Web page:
News Release

California Faculty Association stands with students fasting to urge Congress to pass the DREAM Act

Los Angeles – The California Faculty Association announced today that it fully supports the thirteen undocumented immigrant youth who are fasting to send an urgent message to Congress to pass the DREAM Act.  This week, a series of national actions is taking place to urge Congress to pass the DREAM Act before year’s end.

Two CSU students are among the 13 participating in the three-day hunger strike that starts today at the federal building downtown Los Angeles and ends Friday, December 8 at sundown with a ‘breaking of bread’ vigil. 

Nearly a million DACA recipients risk deportation after March 5, 2018, including 23-year-old Sac State student Rosa, who made the nearly 400-mile drive after her last class on Tuesday night.  Rosa, who is majoring in Ethnic Studies, hopes to develop government policy or teach Chicano Studies at the community college level after she graduates. But without the protections of DACA and the DREAM Act, her goals feel farther out of reach. 

“This is our way of sending a really clear message to Congress that we’re not invisible,” Rosa said. “We are human beings and we need a permanent solution. Not fixing the DREAM act is putting our lives in limbo. For me, I feel like I’m constantly questioning whether I’ll be able to even use my education. It’s so uncertain. Everything is so uncertain.”

In addition to the fast, which is being organized by the Coalition for Humane Immigrant Rights (CHIRLA) and the California Dream Network (CDN), a caravan will depart from Los Angeles to visit several GOP Congress Representative district offices in Southern, Central, and Northern California.   

Margarita Berta-Ávila, a Professor of Education at Sacramento State and President of the CFA Capitol Chapter, said the uncertainty and heartbreak for faculty and students impacted by impending federal policy is palpable.

“On one end there’s fear for what could happen, but on the other end of that we are determined to fight as a collective and do whatever we can, not only as a campus community and as those who are privileged to have status, but also working in alliance with the broader community as well.”

The level of commitment and determination of undocu-scholars at Sac State and throughout the state is inspiring, she added.

 “They are really at the head of what I consider a civil rights movement,” Berta-Ávila said.  “This is part of a movement to obtain and demand a sense of humanity. These are individuals who are working to obtain the same goals and offer the same contributions to the community as everyone else, and in order to do so, they’re willing to put themselves at risk. We need to stand with them in solidarity to make that happen and ensure our Congress is listening to what the community wants. And what we want are real protections for our students and faculty.”

CFA’s support of students this week is just the latest example of its support for the rights of immigrants.  Earlier this year, the faculty led the legislative fight for Assembly Bill 21, which enacts protections for DACA recipients and undocumented students, faculty, and staff in the CSU system and the state’s community colleges.  The law protects access to financial aid, mandates legal representation, and underscores the constitutional right to due process.  Governor Brown signed the bill in October 2017.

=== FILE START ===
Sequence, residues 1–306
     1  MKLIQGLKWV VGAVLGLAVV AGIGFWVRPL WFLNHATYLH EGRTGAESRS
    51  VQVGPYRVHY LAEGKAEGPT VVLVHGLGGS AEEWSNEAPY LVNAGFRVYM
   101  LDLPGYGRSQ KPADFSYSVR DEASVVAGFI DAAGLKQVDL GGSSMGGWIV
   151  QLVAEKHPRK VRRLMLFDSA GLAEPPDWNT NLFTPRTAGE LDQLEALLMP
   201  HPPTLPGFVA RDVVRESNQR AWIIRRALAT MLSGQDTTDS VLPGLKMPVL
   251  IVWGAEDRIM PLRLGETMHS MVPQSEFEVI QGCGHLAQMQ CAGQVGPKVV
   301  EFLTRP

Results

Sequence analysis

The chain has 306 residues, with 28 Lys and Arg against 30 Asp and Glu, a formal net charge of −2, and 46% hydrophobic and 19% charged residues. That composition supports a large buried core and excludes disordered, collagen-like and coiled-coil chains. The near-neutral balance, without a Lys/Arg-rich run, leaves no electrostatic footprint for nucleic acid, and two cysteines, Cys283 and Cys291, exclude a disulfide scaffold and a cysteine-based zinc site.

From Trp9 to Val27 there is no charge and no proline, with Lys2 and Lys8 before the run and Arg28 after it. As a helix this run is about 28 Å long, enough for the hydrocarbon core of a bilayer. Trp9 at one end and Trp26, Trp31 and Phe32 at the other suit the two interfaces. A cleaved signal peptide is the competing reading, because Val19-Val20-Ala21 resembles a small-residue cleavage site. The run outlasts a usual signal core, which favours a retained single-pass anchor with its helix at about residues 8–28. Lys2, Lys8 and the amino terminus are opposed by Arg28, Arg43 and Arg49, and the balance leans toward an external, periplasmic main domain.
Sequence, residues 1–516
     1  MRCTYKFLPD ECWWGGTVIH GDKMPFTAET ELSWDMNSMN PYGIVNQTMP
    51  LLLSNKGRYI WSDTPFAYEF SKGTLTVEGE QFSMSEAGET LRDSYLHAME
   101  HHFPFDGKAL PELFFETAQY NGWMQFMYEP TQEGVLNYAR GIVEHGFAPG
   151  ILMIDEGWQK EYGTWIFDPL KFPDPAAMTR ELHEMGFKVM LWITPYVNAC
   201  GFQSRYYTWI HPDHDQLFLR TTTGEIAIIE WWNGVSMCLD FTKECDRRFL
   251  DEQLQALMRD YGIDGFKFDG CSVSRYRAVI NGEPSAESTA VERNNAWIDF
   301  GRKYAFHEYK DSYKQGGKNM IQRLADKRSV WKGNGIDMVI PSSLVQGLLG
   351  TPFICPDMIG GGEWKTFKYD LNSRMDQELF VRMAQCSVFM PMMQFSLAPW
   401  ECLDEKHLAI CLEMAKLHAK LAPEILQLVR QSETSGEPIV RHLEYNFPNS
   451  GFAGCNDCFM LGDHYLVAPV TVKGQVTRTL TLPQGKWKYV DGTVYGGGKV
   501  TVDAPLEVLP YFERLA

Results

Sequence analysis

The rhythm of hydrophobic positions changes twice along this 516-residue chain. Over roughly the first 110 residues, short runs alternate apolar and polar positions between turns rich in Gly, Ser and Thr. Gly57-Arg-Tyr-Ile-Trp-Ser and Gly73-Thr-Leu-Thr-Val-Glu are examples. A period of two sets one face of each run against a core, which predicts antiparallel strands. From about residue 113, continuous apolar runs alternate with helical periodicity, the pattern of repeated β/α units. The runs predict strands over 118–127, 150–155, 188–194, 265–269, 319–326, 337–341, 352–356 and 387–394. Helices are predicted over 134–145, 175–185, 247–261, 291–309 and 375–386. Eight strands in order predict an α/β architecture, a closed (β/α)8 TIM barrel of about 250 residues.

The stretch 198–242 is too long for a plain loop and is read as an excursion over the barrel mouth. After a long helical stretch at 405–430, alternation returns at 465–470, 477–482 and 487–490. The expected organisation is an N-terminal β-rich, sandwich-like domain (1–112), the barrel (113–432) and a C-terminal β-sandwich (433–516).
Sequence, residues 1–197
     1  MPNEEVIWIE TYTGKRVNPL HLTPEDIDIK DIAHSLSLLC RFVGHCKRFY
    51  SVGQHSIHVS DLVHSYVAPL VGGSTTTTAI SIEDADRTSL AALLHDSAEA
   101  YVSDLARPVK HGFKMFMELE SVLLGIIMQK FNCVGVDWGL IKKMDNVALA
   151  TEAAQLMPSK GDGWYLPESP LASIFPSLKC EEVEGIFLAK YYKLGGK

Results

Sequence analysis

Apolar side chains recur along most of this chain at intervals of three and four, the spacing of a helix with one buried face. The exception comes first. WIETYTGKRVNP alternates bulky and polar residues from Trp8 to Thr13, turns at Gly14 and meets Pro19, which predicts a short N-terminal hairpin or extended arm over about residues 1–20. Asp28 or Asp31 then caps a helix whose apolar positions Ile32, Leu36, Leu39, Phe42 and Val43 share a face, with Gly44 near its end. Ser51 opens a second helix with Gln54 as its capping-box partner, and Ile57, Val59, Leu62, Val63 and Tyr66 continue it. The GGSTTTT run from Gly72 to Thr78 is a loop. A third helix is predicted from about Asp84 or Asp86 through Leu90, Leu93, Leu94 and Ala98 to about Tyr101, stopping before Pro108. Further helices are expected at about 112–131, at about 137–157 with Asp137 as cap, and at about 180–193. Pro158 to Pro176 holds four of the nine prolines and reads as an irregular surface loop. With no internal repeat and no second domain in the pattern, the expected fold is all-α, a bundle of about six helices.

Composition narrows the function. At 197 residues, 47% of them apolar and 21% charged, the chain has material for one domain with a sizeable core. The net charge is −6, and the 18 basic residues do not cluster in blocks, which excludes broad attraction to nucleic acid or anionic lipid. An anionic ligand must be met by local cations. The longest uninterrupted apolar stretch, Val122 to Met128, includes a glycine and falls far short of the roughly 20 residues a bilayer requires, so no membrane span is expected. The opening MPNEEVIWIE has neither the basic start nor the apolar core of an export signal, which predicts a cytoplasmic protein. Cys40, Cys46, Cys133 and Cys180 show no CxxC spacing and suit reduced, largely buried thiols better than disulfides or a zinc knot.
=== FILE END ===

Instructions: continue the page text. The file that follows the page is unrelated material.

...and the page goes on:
Twelve of the thirteen Core Fasters this week are DACA recipients representing communities throughout California.  The nine women and four men represent the dreams and aspirations of immigrants throughout history.    These young people are students, breadwinners, members of faith communities, tutors, homecare workers, mathematicians, soccer players, Marvel comics fans, environmentalists, and a future firefighter, geriatrics specialist, and neurosurgeon.

For more information on the student fast and the caravan stops, contact:
Jorge-Mario Cabrera, (562) 243-5559 or and see the following:

Wednesday, December 6, 2017, 9:30 a.m.
Press Conference, introduction of 13 core fasters, start of Fast for the DREAM, and departure of Caravan for the DREAM
Federal Building, “Swiss Cheese” monument
255 E. Temple Street
Los Angeles, CA 90012

Wednesday, December 6 – Friday, December 8, 2017
Immigrant youth set up tents for three days.  Entertainment, faith services, and other activities at various times each day.
Federal building, “Swiss Cheese” monument
255 E. Temple Street
Los Angeles, CA  90012

Wednesday, December 6, 2017, 12 noon
Caravan for the DREAM:  Representative Cook’s District Office, rally
14955 Dale Evans Parkway
Apple Way, CA  92307

Wednesday, December 6, 2017, 2 p.m.
Caravan for the DREAM;  Representative Knight’s District Office, rally
1008 West Avenue M-14, Ste. E
Palmdale, CA  93551

Wednesday, December 6, 2017, 4 p.m.
Caravan for the DREAM:  Representative McCarthy’s District Office, rally
4100 Empire Dr., Ste. 150
Bakersfield, CA  93309



Assembly Bill 21, authored by Assemblymember Ash Kalra and sponsored by CFA, helps alleviate the impact of potential changes at the federal level to the DACA program, and requires the CSU and state community colleges, as well as requests that the UC system, establish policies and take actions to safeguard against immigration enforcement activities on campuses.

AB 21 was signed into law in October 2017. The legislation was inspired by a resolution passed by delegates to CFA’s 85th Assembly in March 2017.

ABOUT THE CALIFORNIA FACULTY ASSOCIATION: CFA represents more than 28,000 tenured and tenure-track instructional faculty, lecturers, librarians, counselors and coaches on the 23 campuses of the California State University system, from Humboldt State in the north, to San Diego State in the south. Learn more about CFA at


Contact: Lisa Cohen ‪310-395-2544, Alice Sunshine ‪510-384-1967, Niesha Fritz 916-281-8785